Kivy is a platform independent GUI tool in Python. As it can be run on Android, IOS, linux and Windows etc. Kivy provides you the functionality to write the code for once and run it on different platforms. It is basically used to develop the Android application, but it does not mean that it can not be used on Desktops applications.
Now in this article, we will learn how to build a button in kivy, just like the button we use in calculators and many more places, adding functionality to the button, styling of the button.
The Button is a Label with associated actions that are triggered when the button is pressed (or released after a click/touch). We can add functions behind the button and style the button.
Basic Approach to follow while creating button :
-> import kivy -> import kivy App -> import button -> set minimum version(optional) -> Extend the class -> Add and return a button -> Run an instance of the class
Code #1: How to create button in kivy.
In the above output, the button will cover the whole window as we have not given any specific size or done any styling in the button so by default it shows button size equal to window size.
Code #2: Styling The Button
These are just similar to the HTML, CSS effects. By this, we fix the position of a button at the center of the window, text size, colour and anything you want.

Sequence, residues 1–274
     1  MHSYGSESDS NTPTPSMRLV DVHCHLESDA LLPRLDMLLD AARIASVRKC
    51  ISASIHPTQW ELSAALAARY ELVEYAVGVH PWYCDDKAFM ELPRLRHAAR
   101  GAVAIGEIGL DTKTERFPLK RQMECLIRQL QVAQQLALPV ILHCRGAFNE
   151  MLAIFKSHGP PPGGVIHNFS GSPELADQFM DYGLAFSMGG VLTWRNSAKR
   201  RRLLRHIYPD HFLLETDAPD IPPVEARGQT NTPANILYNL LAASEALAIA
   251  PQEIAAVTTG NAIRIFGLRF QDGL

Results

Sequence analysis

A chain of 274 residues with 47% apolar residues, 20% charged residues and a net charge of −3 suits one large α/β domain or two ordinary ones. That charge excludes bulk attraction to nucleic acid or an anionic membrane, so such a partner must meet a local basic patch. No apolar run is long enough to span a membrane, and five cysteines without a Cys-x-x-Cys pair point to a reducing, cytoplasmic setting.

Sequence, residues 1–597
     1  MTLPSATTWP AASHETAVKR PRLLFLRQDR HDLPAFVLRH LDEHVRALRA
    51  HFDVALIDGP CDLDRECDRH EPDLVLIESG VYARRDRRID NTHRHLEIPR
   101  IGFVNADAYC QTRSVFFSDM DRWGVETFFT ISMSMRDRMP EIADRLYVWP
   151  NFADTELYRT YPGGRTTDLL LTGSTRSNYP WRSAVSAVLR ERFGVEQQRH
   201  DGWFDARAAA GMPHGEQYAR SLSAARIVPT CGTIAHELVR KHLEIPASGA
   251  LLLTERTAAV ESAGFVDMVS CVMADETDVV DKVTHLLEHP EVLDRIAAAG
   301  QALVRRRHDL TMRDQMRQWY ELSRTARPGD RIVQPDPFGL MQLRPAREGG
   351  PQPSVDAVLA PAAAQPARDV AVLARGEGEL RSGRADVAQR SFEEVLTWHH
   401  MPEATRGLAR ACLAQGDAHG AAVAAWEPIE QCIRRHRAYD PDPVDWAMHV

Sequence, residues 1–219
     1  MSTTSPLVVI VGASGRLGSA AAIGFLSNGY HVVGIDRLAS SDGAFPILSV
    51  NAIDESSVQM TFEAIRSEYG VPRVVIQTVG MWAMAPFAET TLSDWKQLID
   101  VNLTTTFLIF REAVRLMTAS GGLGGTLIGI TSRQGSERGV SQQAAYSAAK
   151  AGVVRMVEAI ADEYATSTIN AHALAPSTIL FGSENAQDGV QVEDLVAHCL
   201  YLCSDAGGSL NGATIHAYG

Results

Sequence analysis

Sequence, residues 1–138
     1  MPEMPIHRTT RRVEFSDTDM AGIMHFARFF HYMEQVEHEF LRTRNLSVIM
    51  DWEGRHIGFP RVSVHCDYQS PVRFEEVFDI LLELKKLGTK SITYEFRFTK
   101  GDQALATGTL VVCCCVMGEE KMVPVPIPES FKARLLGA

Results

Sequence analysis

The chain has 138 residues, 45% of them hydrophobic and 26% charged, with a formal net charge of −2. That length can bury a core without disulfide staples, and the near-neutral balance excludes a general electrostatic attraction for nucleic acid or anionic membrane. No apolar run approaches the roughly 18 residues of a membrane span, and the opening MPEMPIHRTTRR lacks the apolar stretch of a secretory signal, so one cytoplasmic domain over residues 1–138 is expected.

Code #3 Adding Functionality behind the button.
One of the common problems is how to add functionality to the button. So to add functionality we use
bind() function it binds the function to the button. bind() creates an event that is send to callback().
One of the most common problems for new Kivy users is misunderstanding how the bind method works, especially amongst newer Python users who haven’t fully formed their intuition about function calls.
The thing is that the bind method doesn’t know about the existence of a function or its arguments, it only receives the result of this function call. As in the given code when the button is pressed it prints that “button pressed” def in the function callback.
In the given code inside bind() we use on_press because when button press it tells the function that button is pressed then the bind uses its functionality.
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